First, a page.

Just like having certain people on speed-dial for when you need to vent about other horrendous human beings until you’re hoarse, you need to have a killer taqueria standing by for when you need margaritas and carne asada. La Cocina Oaxaqueña is that reliable Mexican restaurant that’s necessary in your life, just like your friend who puts up with too much of your sh*t. La Cocina is our favorite spot for Mexican food in Seattle, and shapeshifts extremely well for most situations. The large-ish patio gets plenty of shade for a tequila-fueled summer birthday dinner, and the dining room inside is dim and vibey enough for a date or small group hang. Just don’t invite any horrendous humans.
You might be skimming this list looking for Paseo, the legendary Seattle sandwich spot. Spoiler alert: you’re not going to find it. What you’ll find instead is Un Bien, the sandwich shop owned by the Lorenzo family - the original owners of Paseo. Because after being sold at auction to an investor with money to burn, the Paseo of today has become a shell of what it once was (due to the fact that said investor doesn’t actually own the real Paseo recipes). Thankfully, Un Bien is here to restore the Lorenzo name to its rightful place of sandwich glory - this is the real thing. If you’re new to town, you’re going to have a lot of people telling you to go to Paseo. But much like you during your angsty black eyeliner years, don’t listen to what everyone else says. Go to Un Bien and discover what a massive slow-cooked Caribbean pork sandwich with spicy aioli, romaine, pickled jalapeno, and cilantro on a toasty baguette is supposed to taste like: f*cking incredible.
If you’re a local, Pike Place Market is a place you avoid at all costs, and if you’re not, it’s a place you’ve been told to visit by everyone from your grandmother to your airline’s seatback-pocket literature. But The Pink Door is the only good reason to listen to them. It’s somewhere in between an Italian restaurant and a burlesque circus, with live music, quirky murals, and acrobats swinging from trapeze rigs above you and your linguine with clams. Then there’s the patio, which is like a Tuscan vineyard terrace with a waterfront view. The Pink Door is your Valentine’s Day dinner/anniversary HQ, your place to impress your parents, and your “I finally quit my terrible job and can start to feel what happiness is like” celebration. Make a reservation at least three weeks out, and get the lasagna. It’s the best in Seattle.
Porkchop & Co. sets the bar for every other benedict-slinger in Seattle. This feel-good neighborhood place serves the greatest brunch in the city. Everything here is made from scratch, from the poached eggs (that slow-cook in warm water for an hour and are the consistency of custard) to the porchetta benedict with pork fat hollandaise to the housemade biscuit with seasonal jam. Porkchop & Co. also serves dinner, but come here for Sunday brunch or regret it forever.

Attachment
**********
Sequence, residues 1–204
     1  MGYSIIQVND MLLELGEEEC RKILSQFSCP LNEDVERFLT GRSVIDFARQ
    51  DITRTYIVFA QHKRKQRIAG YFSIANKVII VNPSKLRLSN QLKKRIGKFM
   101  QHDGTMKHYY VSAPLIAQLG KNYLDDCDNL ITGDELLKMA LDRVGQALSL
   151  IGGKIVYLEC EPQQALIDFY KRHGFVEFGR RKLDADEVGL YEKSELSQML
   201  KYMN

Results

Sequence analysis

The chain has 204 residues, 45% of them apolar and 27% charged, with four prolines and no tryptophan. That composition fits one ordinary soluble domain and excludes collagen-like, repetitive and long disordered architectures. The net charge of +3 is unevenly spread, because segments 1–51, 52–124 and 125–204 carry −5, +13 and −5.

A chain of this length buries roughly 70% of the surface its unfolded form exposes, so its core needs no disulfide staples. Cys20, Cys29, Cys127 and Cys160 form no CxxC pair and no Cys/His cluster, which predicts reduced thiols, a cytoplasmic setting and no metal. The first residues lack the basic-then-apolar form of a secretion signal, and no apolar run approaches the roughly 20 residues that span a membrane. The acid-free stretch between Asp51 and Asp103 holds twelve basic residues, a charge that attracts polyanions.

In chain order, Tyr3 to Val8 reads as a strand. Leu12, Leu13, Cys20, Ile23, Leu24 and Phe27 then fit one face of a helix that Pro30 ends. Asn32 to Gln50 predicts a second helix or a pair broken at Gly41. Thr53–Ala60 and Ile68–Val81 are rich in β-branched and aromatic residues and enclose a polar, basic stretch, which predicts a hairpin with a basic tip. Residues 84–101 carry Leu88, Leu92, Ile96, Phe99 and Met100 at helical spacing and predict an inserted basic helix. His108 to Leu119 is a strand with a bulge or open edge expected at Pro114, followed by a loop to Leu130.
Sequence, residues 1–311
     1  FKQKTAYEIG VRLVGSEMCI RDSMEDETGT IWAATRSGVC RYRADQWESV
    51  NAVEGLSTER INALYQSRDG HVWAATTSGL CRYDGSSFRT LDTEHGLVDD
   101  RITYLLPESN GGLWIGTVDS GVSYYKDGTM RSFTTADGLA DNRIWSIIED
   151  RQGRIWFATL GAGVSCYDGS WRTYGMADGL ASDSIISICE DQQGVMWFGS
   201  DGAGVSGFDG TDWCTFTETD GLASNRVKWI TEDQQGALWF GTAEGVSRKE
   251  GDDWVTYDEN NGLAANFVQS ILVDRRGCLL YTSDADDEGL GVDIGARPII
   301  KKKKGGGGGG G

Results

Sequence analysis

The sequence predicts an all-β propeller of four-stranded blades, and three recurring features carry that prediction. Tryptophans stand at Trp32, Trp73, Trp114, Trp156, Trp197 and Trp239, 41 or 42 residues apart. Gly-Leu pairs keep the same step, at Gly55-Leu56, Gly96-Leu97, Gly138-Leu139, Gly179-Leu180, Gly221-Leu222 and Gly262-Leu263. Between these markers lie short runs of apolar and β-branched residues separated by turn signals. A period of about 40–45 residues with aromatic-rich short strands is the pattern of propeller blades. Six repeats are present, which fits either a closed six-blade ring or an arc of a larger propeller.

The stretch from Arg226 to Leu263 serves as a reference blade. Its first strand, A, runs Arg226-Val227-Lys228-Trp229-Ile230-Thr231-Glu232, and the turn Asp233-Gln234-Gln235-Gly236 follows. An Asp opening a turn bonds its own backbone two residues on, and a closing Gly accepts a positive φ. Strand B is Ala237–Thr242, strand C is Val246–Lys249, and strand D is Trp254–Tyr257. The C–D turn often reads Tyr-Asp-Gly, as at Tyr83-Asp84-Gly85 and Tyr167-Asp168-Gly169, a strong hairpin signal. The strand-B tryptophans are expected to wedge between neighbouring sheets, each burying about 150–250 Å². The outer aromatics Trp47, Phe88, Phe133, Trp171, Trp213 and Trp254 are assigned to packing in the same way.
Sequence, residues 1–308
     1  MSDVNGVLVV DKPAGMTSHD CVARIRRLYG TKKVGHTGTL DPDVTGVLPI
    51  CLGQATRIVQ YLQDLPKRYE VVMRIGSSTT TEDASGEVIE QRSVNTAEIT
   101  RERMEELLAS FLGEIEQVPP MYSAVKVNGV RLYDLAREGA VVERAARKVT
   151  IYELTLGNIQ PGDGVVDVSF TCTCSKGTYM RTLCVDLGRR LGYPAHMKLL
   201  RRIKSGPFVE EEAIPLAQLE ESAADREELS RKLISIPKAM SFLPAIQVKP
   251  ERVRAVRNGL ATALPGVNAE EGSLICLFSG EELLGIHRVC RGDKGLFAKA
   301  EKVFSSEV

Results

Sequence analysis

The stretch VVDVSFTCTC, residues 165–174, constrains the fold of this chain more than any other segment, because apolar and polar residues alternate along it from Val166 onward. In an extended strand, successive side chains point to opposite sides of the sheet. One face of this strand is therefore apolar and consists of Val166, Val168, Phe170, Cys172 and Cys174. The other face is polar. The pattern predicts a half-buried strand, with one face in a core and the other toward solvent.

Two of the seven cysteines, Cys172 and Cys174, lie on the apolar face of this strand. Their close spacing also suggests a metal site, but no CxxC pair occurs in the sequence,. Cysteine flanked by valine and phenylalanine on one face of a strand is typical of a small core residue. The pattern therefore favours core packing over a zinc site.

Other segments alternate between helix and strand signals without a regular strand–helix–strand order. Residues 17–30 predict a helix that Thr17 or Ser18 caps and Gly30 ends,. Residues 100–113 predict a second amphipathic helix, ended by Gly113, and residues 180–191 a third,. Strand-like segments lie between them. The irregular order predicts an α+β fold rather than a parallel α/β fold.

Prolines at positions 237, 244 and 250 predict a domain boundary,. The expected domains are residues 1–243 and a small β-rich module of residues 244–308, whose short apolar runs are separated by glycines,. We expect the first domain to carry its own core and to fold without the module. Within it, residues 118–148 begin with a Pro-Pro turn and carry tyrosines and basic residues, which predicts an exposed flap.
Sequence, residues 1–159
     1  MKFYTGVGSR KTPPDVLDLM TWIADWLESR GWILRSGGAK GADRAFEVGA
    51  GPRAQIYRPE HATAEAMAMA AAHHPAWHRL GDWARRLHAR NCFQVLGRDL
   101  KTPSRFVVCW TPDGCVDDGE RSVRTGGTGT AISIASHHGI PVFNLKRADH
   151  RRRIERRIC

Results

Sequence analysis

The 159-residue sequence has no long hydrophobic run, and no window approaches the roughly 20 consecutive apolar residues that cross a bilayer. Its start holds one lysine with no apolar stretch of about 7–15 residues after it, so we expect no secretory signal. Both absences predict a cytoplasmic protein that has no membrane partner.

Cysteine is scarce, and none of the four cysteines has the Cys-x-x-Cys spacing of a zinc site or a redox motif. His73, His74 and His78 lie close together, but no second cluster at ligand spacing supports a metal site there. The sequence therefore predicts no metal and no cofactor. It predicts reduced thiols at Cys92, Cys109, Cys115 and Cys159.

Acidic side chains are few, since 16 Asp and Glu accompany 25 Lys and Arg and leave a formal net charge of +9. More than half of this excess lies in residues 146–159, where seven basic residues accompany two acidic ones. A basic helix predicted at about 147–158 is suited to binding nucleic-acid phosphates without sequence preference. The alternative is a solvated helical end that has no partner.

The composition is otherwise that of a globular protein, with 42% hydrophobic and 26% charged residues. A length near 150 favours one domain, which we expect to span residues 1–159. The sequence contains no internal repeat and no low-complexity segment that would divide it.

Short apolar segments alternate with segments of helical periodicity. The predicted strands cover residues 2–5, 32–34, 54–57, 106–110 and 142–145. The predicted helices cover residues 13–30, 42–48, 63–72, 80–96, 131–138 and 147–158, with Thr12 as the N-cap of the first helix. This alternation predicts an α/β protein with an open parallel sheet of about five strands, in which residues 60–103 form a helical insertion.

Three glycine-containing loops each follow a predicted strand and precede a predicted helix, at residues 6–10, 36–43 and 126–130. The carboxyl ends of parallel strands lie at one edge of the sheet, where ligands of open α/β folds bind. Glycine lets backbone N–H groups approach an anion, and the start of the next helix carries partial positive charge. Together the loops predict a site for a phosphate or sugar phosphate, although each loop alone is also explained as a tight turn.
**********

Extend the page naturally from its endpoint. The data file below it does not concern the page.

Bateau is not your typical steakhouse. You will not find people on business trips clinking glasses of bourbon over an deal or a back stockroom of A1 sauce. What you will find is a beautifully-designed, light-filled space that would remind you of a springtime bridal shower, were it not for the dining room window showcasing the raw cow carcasses that will be butchered for your dinner. That butchering is also what makes Bateau different - when your server/personal beef guru guides you through the choosing of your steak, they will use a ceremonial chalk staff to cross off your selection, because the cut of meat you just ordered is one of a kind. You will also order wine, fries (cooked in beef fat), and most importantly: the burger, even if it’s for just for the table. Bateau’s steak is excellent, but the burger will change your life.
Part of what makes Seattle so great is the local seafood, and Manolin is one of the best places to eat it. Dishes here look like they should be in the opening credits for Chef’s Table, but are actually just plates full of things you actually want to eat (like rockfish ceviche with lime, avocado, chile, and a mountain of fried sweet potatoes), and the light, bright, and colorful space is the kind you could hang out in for hours. The giant u-shaped bar area alone has incredible situational potential - from solo dining to a first date - and when you add in their outdoor patio/firepit area, you have a restaurant you actually just want to move into.
In Seattle, the Italian deli as a concept doesn’t really exist, and if you desperately need a mind-blowing cold cut sandwich, stop yourself before you order a BMT through your own tears at Subway, and make moves to Salumi instead. This is a tiny, weekday-lunch-only mecca of house-cured Italian meat and handmade mozzarella. The move is to take your sandwiches (and/or a couple pounds of sliced sopressata and salami) to a picnic, which will make your friends glad they kept you around even when you did that embarrassing thing that one time.
Mamnoon is a special place. Part of that is because of the incredible Middle Eastern food, and part of that is because it just has the Feel Good Factor. The thing that makes you want to come here again and again. The pita comes out of the oven hot, the mezze spreads are exactly what you want to share with people you like, and everything tastes exactly how you want it to. Mamnoon is one of those places that gets just about everything right - including the things we can’t even quite put our finger on. Hit it for your next birthday dinner, or just a lunch break when you need something great - they do a daytime takeaway window for falafel wraps and loaded za’atar fries.